Go to the Globe and Mail homepage

Jump to main navigationJump to main content


Rotman Magazine

Leaders: Don't be afraid to ask for help Add to ...

This is a condensed version of an article that appeared in Rotman Magazine, published by the University of Toronto’s Rotman School of Management.

The key to solving complex problems lies in figuring out when–and how–to ask for help.

“These problems are too big for us to solve alone. We need to collaborate like we never have before.”

The person responsible for these words might surprise you: Beth Comstock is the chief marketing officer at General Electric–a company that no one would accuse of having a laid back or laissez-faire culture. Yet Ms. Comstock, along with GE chairman Jeffrey Immelt and fellow senior executives, have embraced the fact that the challenges they face – in areas from health care to energy to transportation – are too ‘wicked’ to be solved by GE alone.

From climate change to spiralling health care costs, from global poverty to food and water shortages, wicked problems and their ramifications also impact organizations and their employees. As a result, the broad solutions we need might just come from market-driven companies seeking to out-innovate and out-perform their competition.

The key to solving these complex problems–as well as narrower, more industry-specific challenges–lies in figuring out when–and whom–to ask for help.

For Esther Dyson, the answer to the question of when to ask for external help is pretty simple: start now. A leading angel investor who focuses her attention on spaces such as health care and biotechnology, Ms. Dyson says the pace of innovation and change is woefully slow in a global business culture that too often rewards the status quo. Many executives–particularly those managing large companies with complicated daily demands–find it challenging to focus too far into the future for fear that the present might get away from them.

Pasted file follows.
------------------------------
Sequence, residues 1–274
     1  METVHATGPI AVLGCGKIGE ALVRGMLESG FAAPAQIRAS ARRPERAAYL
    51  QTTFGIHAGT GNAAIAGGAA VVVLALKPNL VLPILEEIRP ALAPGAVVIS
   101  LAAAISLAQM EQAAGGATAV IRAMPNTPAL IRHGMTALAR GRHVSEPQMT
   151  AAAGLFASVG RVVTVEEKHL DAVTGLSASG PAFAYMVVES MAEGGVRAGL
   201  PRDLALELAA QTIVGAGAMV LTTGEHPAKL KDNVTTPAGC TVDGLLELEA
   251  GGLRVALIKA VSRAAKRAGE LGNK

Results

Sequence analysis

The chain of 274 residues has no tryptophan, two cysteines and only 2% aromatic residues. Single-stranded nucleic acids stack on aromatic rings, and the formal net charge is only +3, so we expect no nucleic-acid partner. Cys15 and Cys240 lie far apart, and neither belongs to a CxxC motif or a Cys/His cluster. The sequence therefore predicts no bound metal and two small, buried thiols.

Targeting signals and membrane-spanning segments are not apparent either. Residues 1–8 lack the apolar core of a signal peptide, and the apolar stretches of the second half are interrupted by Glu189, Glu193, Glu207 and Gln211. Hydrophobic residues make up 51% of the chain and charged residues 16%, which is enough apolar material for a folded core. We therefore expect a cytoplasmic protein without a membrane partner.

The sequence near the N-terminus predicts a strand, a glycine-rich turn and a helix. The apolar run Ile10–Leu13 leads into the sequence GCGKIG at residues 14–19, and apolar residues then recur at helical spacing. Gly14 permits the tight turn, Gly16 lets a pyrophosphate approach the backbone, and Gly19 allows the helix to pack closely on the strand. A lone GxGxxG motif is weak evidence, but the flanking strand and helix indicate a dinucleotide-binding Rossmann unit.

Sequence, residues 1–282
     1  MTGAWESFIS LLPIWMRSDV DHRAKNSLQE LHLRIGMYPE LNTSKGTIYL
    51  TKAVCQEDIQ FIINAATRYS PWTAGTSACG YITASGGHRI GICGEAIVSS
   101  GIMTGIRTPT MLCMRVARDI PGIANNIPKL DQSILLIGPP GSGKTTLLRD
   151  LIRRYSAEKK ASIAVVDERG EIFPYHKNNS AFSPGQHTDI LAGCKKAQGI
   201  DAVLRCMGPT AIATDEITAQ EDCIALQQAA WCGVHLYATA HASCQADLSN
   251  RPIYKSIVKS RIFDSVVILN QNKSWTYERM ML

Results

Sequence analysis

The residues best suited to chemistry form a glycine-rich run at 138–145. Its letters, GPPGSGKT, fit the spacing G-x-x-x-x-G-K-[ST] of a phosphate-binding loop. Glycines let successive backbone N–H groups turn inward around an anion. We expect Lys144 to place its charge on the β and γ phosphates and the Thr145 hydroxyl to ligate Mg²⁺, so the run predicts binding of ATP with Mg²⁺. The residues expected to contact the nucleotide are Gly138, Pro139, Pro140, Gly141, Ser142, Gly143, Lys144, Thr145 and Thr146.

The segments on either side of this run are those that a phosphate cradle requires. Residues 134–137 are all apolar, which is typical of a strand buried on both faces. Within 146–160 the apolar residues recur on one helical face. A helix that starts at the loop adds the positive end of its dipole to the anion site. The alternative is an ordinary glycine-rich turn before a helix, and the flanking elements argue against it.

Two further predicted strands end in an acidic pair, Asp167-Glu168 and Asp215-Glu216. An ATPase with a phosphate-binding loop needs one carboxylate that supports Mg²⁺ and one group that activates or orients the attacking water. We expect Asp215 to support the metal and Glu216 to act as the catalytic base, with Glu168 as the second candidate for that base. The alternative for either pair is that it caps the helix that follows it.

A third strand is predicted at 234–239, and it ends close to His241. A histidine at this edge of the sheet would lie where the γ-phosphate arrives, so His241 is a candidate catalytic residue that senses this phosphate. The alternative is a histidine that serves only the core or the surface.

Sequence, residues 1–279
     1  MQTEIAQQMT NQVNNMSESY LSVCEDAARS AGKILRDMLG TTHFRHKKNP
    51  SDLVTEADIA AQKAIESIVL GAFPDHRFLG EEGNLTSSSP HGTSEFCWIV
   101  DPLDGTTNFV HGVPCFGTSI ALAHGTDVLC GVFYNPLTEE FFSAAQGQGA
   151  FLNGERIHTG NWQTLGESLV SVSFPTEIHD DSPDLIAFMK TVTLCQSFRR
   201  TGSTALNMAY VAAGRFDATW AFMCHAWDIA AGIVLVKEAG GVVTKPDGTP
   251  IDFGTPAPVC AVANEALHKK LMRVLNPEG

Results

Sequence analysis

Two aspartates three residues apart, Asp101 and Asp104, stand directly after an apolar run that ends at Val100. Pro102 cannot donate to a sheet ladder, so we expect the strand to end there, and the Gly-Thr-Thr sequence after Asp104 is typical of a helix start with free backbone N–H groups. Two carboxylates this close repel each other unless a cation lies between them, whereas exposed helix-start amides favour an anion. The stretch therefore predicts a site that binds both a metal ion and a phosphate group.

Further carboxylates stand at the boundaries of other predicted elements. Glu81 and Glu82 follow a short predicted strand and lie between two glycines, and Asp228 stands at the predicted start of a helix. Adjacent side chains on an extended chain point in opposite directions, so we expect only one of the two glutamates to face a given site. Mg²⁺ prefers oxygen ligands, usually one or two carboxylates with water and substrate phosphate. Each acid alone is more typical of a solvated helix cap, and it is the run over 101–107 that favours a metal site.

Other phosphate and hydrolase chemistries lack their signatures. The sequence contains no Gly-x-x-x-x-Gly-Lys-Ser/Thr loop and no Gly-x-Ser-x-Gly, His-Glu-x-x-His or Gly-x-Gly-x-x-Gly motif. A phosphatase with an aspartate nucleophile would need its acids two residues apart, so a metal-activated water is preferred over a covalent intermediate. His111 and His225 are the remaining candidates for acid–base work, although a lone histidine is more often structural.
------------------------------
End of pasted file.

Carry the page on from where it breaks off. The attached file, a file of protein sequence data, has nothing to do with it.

Additionally, the massive complexity of wicked problems can paralyze rather than inspire. For Ms. Dyson, the way to overcome this collective catatonia is to break down the tasks into smaller, more bite-size pieces. “We should be aware of the enormity of these problems,” she says, “but that’s how we’ll solve them; that’s how you change systems.”

Overcoming the understandable tendency to focus solely on answering the pressures of the next earnings call will not help to diminish the agony of necessary transformation later.

“Mostly, the future is unknowable,” says Ms. Comstock. “You can have the best-laid plans, but you have to have contingency plans, too.” The more clear-minded you are about what’s ahead and when problems are likely to become most pressing, the more likely you are to survive the only real certainty: the imminent onslaught of change.

Finding the right helping hands

In 1999, Chris Meyer co-authored Blur: The Speed of Change in the Connected Economy. A keen observer of network effects and the changing skills businesses need to thrive, Mr. Meyer remains unequivocal about the challenges posed by the wicked problems of our age. As he put it in a recent interview, “In effect, people should only be paid to solve wicked problems. Others can be solved by robots.” In practice, executives urgently need to focus on finding the right people to tackle the right tasks at the right time.

That’s no small matter. “For us, resources are not just about money, but also about finding the right people,” acknowledges GE’s Ms. Comstock. Getting staffing right early on is critical for future success. She adds: “You have to spend a lot of time upfront on figuring out who does what–and you have to take the time to set up governance.”

When Ms. Comstock was based at NBC Universal, working with a team from News Corporation to develop the streaming video service Hulu.com, she soon realized they needed to hire a leader from outside of the television industry. “It was important to hire someone with a fresh perspective,” she says of the ultimate decision to hire former Amazon senior vice president Jason Kilar as CEO of the new venture. Hulu might not have solved any deep societal problems, but it did succeed in tackling a huge problem facing companies that needed to figure out how to thrive in the new, digital world.

Practical ways to ask for help

Report Typo/Error
Single page

Follow us on Twitter: @Globe_Careers

Next story




Most popular videos »

More from The Globe and Mail

Most popular